RT @YupThatExist: This elephant was caught on camera tidying up trash: https://t.co/fNxR6zsImB
Over three days last October (posts here, here and here), the Recording Industry Association of America (RIAA) finally won their first legal victory against a peer-to-peer user. However, nearly one year later, the victory has been overturned, and all the parties involved are heading back to court.
For those of you who don’t remember Jammie Thomas, she is a single mother that the RIAA targeted for copyright infringement after she shared 24 songs on the KaZaA network. After the two day trial, the case went to the jury and she was found guilty and fined $9,250 per song for a total of $222,000. It now seems the judge in the case, Judge Michael J. Davis, has overturned the ruling of the federal jury due to an improper instruction he gave.
The situation boils down to the definition of what is and is not distribution. Does the mere act of making a file available to a peer-to-peer network constitute distribution? The original instruction said it did not, but a hearing was held later outside the presence of the jury where the judge finally agreed with the RIAA that it does. This creates a mistrial situation, and the previous award is now tossed.
What is slightly curious is that in the 43 page ruling (PDF link via Ars Technica) you almost wonder if Judge Davis didn’t want to find an excuse to overturn the ruling because he felt the award was excessive.
The statutory damages awarded against Thomas are not a deterrent against those who pirate music in order to profit… Thomas’s conduct was motivated by her desire to obtain the copyrighted music for her own use. The Court does not condone Thomas’s actions, but it would be a farce to say that a single mother’s acts of using Kazaa are the equivalent, for example, to the acts of global financial firms illegally infringing on copyrights in order to profit in the securities market.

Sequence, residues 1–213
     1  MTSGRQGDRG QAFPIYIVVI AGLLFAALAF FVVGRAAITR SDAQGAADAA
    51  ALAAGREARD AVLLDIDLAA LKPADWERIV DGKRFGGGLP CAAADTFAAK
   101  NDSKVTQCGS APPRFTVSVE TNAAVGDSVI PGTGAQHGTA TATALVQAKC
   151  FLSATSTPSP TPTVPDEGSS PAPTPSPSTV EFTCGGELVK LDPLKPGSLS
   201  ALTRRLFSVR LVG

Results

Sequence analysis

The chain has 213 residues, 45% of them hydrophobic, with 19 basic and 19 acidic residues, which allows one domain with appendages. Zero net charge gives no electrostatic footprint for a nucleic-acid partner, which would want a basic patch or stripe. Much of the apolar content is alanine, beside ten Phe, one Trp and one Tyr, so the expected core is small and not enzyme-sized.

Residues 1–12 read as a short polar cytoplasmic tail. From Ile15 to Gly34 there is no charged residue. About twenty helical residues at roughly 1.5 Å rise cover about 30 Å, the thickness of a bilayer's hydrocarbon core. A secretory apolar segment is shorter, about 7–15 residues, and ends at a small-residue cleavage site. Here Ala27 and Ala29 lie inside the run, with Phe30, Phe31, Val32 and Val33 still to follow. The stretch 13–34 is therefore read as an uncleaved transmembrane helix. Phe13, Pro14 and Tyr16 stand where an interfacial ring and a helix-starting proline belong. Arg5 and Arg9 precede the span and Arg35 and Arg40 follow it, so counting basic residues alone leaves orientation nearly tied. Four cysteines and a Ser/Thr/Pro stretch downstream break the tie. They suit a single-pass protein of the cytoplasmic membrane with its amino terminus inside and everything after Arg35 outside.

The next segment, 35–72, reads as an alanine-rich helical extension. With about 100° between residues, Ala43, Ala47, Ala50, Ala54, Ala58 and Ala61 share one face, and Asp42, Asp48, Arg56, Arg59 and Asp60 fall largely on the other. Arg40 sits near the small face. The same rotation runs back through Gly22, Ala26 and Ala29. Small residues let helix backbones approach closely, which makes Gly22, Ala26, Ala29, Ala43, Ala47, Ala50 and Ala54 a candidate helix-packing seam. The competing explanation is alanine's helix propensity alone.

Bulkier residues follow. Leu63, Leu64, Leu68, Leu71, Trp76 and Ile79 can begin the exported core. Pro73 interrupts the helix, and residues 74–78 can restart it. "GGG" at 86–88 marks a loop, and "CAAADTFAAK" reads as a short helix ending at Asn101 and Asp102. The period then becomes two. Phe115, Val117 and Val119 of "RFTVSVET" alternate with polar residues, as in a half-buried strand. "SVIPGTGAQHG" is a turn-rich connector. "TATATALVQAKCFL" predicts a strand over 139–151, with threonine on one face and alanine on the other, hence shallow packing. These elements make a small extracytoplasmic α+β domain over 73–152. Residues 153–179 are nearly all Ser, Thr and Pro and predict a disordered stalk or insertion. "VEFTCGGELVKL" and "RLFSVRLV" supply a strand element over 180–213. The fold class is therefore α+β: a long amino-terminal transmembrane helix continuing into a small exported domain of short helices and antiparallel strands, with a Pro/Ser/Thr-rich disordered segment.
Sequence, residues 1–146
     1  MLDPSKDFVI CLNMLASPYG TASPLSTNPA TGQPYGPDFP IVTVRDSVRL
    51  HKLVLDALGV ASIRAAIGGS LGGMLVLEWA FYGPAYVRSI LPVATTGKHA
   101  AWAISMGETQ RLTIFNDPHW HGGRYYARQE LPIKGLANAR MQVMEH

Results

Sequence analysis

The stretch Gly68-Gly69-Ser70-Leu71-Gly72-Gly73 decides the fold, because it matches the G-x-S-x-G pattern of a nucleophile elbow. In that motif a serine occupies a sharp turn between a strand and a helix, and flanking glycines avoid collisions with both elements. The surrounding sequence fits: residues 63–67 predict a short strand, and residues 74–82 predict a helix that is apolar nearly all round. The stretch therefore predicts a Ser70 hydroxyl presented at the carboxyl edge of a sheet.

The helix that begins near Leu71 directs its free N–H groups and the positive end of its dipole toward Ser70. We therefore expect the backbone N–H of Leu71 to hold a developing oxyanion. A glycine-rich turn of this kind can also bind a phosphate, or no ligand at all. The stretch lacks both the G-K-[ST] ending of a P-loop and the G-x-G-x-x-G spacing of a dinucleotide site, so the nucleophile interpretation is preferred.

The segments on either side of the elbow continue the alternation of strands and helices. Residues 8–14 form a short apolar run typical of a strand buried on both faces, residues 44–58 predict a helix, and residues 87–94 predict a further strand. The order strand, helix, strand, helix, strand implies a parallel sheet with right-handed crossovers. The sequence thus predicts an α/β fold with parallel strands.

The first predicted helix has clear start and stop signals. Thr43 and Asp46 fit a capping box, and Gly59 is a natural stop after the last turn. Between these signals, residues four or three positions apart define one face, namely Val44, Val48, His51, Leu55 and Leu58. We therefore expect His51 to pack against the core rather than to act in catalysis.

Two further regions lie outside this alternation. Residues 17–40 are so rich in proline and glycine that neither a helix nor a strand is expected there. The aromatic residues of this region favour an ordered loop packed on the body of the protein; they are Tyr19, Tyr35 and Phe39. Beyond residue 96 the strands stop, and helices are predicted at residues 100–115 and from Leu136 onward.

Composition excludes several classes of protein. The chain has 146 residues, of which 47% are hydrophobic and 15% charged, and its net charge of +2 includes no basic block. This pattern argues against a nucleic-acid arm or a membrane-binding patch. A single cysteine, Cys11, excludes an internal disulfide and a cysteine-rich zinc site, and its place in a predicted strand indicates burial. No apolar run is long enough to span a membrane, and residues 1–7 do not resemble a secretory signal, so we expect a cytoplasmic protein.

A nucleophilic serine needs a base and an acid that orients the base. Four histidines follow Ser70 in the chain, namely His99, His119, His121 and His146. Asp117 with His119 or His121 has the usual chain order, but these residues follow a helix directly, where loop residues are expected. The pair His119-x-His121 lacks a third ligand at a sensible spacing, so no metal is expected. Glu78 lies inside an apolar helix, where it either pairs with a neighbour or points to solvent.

While the Court does not discount Plaintiffs’ claim that, cumulatively, illegal downloading has far “reaching effects on their businesses, the damages awarded in this case are wholly disproportionate to the damages suffered by Plaintiffs. Thomas allegedly infringed on the copyrights of 24 songs, the equivalent of approximately three CDs, costing less than $54, and yet the total damages awarded is $222,000, more than five hundred [emphasis his] times the cost of buying 24 separate CDs and more than four thousand times the cost of three CDs…
Unfortunately, by using Kazaa, Thomas acted like countless other Internet users. Her alleged acts were illegal, but common. Her status as a consumer who was not seeking to harm her competitors or make a profit does not excuse her behavior. But it does make the award of hundreds of thousands of dollars in damages unprecedented and oppressive.
It would seem to this untrained legal eye that the Judge may be trying to tell the RIAA to get over itself. I agree with the Judge that what Ms. Thomas did is illegal, but you would be hard pressed to ever say that her sharing the equivalent of three CDs could ever cost the music industry $222,000.
This is a rather large gamble, though. There is every chance that the next jury could very well award the RIAA the original $150,000 per song they were looking for, making Ms. Thomas’ new fine a staggering $3.6 million. My feeling is the judge may try to guide the jury to the same amount, or even less, but it still seems like a bit of a gamble to me.
I’m glad to see the RIAA can no long crow about their one and only victory they have had against file sharers thus far, and I am even happier to see a judge telling them that the judgment they are looking for is totally disproportionate to the crime. It does concern me that Sony may get to go on the stand again and once again decree that anyone copying music from a CD they own to an MP3 file constitutes piracy, but that is a whole other kettle of fish.